I Didn’t Catch Your Name
Dennett
1224

“[…] He said you didn’t talk down to him like most people do. You talked to him man-to-man […] Well, that’s what it was — two men having a conversation on a train.”

I’ve had a number (3? 4?) of similar experiences myself.

In advance, people have warned me that the child/young adult in question was extremely autistic, didn’t take to people well, would be uncommunicative and difficult to talk to.

I’ve then met said child/young adult.

They have behaved no differently to any other similarly aged individuals I have met anywhere/anywhen else in my life, been perfectly personable, easy to talk to (within the bounds of their age group) and pleasant company.

Afterwards, everyone has observed how remarkable … almost to the point of miraculous … it was that my companion took to me so quickly and how open they were, because normally they’re not like that but anxious to hostile and very difficult to impossible to communicate with.

My own observation has been that I did nothing out of the ordinary and behaved as I would do with anyone else. Frankly, I have yet to understand the prior fuss made because nobody’s dire prognostications have ever proven in the least bit accurate; none of the encounters has proven difficult — on the contrary, my companions have all been pleasant and interesting company.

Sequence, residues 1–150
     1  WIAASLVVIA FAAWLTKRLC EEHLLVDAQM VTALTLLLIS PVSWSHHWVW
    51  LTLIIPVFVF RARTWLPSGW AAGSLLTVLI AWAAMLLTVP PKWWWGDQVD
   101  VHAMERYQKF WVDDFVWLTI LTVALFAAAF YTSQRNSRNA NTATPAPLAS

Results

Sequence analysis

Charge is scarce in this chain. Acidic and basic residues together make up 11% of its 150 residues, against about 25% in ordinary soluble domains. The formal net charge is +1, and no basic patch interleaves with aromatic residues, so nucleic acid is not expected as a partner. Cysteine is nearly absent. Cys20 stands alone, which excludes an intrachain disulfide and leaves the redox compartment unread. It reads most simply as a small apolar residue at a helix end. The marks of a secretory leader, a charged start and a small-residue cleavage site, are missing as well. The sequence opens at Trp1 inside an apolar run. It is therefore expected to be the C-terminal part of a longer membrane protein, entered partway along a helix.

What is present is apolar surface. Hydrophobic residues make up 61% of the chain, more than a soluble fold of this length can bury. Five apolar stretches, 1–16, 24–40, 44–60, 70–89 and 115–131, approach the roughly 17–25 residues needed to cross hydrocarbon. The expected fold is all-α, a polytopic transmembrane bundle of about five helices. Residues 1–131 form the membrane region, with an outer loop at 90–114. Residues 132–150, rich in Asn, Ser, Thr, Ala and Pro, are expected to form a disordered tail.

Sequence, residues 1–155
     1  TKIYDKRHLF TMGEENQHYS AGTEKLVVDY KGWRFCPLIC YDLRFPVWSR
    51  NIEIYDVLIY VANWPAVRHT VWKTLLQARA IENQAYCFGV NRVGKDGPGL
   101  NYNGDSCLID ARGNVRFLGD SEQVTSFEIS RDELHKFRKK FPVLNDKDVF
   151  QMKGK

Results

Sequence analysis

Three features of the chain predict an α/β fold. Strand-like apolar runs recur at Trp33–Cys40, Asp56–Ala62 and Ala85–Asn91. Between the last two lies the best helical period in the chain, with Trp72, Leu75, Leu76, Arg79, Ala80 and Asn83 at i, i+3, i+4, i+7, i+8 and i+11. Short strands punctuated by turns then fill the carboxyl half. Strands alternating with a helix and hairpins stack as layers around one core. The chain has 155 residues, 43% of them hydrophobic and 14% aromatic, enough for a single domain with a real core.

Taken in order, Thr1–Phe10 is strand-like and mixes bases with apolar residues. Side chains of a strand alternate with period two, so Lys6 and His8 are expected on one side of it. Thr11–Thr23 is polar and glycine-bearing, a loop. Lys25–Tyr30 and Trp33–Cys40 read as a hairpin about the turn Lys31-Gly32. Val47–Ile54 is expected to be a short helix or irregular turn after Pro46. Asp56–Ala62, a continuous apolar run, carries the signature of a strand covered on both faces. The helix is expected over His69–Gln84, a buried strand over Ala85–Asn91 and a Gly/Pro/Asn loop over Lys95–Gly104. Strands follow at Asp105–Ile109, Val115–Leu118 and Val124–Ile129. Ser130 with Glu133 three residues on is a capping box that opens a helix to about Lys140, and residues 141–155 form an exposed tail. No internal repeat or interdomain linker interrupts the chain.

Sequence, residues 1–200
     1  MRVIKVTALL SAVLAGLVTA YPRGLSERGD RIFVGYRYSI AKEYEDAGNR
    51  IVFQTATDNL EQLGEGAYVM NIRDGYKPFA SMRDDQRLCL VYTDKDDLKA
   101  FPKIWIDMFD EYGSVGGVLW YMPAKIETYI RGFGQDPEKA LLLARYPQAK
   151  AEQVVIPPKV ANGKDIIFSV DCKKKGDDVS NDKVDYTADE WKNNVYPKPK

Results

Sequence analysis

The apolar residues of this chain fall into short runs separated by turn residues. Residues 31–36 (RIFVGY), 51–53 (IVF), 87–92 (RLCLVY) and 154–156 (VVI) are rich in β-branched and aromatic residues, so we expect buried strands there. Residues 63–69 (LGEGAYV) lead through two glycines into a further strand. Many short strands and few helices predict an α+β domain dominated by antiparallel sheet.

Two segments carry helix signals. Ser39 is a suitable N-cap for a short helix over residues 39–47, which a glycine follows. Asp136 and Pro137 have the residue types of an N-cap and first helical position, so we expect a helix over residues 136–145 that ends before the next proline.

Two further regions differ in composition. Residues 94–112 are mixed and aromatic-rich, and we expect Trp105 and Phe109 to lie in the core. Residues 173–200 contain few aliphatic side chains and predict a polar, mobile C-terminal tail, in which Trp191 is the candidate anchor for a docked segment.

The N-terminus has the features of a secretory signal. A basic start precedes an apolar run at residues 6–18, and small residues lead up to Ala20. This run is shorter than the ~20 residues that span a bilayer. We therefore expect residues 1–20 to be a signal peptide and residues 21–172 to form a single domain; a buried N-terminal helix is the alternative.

In short, they have all simply been people.

I love, therefore, your husband’s explanation; it’s exactly my own experience of meeting people—some of whom are labelled as ‘faulty’ but all of whom are different to everyone else in their own unique way … people, not conditions or illnesses or labels and I have yet to understand why it is supposed to be different to that. Thankyou, both, for sharing it.

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